NASA's Aqua satellite shows winds shear affecting Tropical Cyclone Riley

January 29, 2019, NASA's Goddard Space Flight Center
On Jan. 29, 2019, the MODIS instrument aboard NASA's Aqua satellite looked at Tropical Cyclone Riley far to the west of Western Australia. Wind shear pushed the bulk of clouds and storms west of the center. Credit: NASA/NRL

Visible from NASA's Aqua satellite revealed the effects of wind shear on Tropical Cyclone Riley in the Southern Indian Ocean.

On Jan. 29, 2019, the Moderate Resolution Imaging Spectroradiometer or MODIS instrument aboard NASA's Aqua satellite captured a visible image of Tropical Cyclone Riley, located far to the west of Western Australia. Easterly wind shear pushed the bulk of clouds and storms west of the center.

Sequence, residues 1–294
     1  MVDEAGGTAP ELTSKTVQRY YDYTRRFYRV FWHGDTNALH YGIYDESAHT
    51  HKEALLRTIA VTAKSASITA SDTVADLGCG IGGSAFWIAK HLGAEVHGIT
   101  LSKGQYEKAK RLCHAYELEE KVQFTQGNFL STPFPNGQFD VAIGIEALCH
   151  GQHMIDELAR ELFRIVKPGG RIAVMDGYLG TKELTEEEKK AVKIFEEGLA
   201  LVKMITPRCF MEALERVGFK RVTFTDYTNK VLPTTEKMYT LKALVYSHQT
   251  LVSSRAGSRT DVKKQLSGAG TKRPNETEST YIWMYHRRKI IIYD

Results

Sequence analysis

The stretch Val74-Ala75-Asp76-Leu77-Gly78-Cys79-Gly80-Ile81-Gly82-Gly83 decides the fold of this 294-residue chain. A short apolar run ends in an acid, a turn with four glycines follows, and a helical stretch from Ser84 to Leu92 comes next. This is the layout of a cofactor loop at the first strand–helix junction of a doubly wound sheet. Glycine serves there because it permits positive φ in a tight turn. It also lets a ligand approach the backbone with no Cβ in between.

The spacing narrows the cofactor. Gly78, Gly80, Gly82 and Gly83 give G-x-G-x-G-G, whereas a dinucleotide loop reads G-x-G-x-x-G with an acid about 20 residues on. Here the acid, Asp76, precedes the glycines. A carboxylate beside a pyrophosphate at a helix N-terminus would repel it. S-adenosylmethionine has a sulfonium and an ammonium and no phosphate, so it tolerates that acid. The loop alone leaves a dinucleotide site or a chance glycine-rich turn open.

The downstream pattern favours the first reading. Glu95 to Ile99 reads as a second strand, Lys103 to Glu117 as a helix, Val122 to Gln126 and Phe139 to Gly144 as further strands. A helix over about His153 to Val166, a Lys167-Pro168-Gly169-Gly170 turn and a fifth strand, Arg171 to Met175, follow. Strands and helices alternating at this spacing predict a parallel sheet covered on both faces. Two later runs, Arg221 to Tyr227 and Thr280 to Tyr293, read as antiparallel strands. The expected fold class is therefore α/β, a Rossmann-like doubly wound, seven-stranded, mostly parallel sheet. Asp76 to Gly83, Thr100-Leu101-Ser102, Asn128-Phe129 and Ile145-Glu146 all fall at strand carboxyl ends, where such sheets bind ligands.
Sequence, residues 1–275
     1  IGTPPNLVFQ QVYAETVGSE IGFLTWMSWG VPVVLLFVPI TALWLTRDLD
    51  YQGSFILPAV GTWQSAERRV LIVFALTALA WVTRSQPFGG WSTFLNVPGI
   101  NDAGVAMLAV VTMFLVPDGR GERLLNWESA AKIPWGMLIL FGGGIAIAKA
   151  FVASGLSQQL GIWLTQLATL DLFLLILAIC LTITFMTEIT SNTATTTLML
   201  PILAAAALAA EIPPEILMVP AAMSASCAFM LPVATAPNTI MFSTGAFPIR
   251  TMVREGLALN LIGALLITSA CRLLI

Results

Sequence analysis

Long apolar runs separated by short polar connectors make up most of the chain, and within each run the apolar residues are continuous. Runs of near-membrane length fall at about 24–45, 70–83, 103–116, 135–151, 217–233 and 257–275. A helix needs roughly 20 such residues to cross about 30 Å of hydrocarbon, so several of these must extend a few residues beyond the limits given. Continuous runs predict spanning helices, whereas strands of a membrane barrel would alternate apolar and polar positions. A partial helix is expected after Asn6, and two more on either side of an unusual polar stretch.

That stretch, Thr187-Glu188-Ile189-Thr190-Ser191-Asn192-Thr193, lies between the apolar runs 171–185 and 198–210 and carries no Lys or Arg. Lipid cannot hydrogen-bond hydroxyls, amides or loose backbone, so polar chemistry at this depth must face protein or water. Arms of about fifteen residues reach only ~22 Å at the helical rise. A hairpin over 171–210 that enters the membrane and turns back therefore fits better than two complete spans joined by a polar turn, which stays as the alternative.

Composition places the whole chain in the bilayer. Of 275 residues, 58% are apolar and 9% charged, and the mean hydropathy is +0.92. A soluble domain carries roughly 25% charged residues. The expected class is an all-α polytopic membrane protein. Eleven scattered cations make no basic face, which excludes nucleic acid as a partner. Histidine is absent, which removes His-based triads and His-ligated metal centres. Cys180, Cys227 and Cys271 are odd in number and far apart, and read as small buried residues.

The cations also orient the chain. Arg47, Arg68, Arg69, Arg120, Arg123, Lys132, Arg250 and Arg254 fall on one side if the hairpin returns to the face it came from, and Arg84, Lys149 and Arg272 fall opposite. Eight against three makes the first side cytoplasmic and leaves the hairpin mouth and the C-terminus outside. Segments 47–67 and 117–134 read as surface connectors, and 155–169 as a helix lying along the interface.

At 4 a.m. EDT (0900 UTC) on Jan. 29, Riley was located near 19.4 south latitude and 105.8 east longitude, approximately 475 nautical miles west-northwest of Learmonth, Australia. Rile was moving to the west-southwestward. Maximum sustained winds were near 35 knots (40 mph/65 kph).

Forecasters at the Joint Typhoon Warning Center expect Riley to maintain its west-southwestward track until it dissipates later in the day.

Explore further: NASA sees Tropical Cyclone Bouchra being blown apart

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